4. Vertical flows
Our models give not only an inflow of energy but they also produce an inflow of mass at a rate of
For our models M1 to M3 this gives g cm-2s-1. If this mass is accumulated inside the prominence it would grow very rapidly, its mass would be doubled wihtin s for model M1, within s for model M2 and s for model M3. Since such a rapid steady growth of the prominence as a whole is not observed prominence material has to leave the prominence at a similar rate. (Note: prominence fine structures can form and disappear on slower time scales, but the quiescent prominence as a whole will be rather stationary). Mass losses of the required magnitude could be achieved by a systematic downflow of cool material in the center of the prominence. However this downflow cannot be modelled in our 1D slab configuration. For this reason will shall give here only some order of magnitude estimates for the flow. If we assume that the prominence extends over a height h and that the vertical outflow at the bottom is , whereas there is no inflow at the top then the condition of mass conservation gives
where d is the width of the downflow region, its hydrogen density.
Such systematic downflows can provide additional energy at a rate of , as has been proposed by Heasley & Mihalas (1976) and this could lead to an additional heating of the central parts of prominences. The mean heating rate will be given by
For cm we then get
The heating by enthalpy and ionisation energy inflow from both sides amounts to . These numbers show that for the parameters chosen the gravitational energy release is twice as large as the enthalpy and ionisation energy flow. Therefore such a mechanism could be an important heat source for the central parts of prominences. There are, however, some basic problems with this scenario. Since the magnetic field in prominences is predominantly horizontal this downflow has to occur perpendicular to the field. Even for ionisation degrees as low as 0.2 the flow of neutral atoms across the field lines will be only of the order of cm s-1 (Mercier & Heyvaerts, 1977). Such flows are therefore only possible if very efficient reconnection occurs in the cool part of the prominence. An additional requirement for the reconnection mechanism is that the fields are stretched sufficiently downward to lead to the right magnetic field topology. This reconnection could then result in the required effective resistivity of the prominence plasma. But when the prominence material starts moving downward it also has to convert its kinetic energy into heat. The question how this can be achieved is also open at present. Therefore we think that this mechanism looks promising, but there are still many details which will have to be worked out.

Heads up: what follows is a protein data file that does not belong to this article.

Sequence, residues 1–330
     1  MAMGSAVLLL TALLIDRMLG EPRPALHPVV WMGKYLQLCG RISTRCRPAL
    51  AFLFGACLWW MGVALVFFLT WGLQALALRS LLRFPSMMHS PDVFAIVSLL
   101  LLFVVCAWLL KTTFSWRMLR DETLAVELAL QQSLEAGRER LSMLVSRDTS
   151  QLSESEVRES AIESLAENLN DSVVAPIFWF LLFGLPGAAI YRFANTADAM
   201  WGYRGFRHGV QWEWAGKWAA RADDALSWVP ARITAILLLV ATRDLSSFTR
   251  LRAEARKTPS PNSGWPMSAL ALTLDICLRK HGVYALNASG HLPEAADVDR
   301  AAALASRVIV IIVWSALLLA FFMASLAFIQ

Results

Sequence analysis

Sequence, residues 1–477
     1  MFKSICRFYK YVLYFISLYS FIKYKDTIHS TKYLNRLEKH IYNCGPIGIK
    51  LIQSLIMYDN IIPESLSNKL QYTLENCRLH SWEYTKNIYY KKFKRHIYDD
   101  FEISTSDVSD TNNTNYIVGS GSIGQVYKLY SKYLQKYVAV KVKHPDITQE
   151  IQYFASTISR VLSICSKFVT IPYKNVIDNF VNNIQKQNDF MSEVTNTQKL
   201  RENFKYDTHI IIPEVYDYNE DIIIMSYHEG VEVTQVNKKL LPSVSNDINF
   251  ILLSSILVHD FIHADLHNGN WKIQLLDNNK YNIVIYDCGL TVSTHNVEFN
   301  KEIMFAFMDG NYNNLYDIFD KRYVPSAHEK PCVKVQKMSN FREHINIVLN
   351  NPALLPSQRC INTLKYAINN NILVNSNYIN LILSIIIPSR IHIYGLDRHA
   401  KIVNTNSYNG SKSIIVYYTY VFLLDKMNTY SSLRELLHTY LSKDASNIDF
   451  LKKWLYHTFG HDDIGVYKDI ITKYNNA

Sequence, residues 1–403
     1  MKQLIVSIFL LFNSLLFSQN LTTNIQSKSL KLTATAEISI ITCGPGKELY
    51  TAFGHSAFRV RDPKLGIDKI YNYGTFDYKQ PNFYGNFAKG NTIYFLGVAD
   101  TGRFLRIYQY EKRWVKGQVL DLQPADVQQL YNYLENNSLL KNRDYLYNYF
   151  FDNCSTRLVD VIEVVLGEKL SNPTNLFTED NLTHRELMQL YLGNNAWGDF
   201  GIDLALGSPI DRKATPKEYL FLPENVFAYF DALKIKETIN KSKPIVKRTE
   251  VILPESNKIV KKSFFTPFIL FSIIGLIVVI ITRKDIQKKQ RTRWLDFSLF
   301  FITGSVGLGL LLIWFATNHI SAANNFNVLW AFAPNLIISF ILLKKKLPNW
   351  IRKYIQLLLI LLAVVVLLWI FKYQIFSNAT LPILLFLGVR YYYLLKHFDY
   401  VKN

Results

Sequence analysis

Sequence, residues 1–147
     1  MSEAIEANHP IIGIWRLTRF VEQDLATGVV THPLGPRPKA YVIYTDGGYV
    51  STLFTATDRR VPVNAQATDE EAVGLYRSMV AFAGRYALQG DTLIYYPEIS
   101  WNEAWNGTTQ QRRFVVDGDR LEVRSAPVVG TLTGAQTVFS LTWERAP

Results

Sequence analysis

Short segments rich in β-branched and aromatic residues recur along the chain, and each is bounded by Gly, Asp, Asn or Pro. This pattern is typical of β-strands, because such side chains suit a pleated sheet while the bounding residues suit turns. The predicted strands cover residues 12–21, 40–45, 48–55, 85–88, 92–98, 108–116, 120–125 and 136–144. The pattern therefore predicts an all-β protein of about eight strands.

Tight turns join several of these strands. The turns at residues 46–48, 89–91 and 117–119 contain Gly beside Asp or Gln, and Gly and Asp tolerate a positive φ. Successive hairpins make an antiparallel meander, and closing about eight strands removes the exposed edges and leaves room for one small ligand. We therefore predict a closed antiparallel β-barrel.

© European Southern Observatory (ESO) 2000
Online publication: June 20, 2000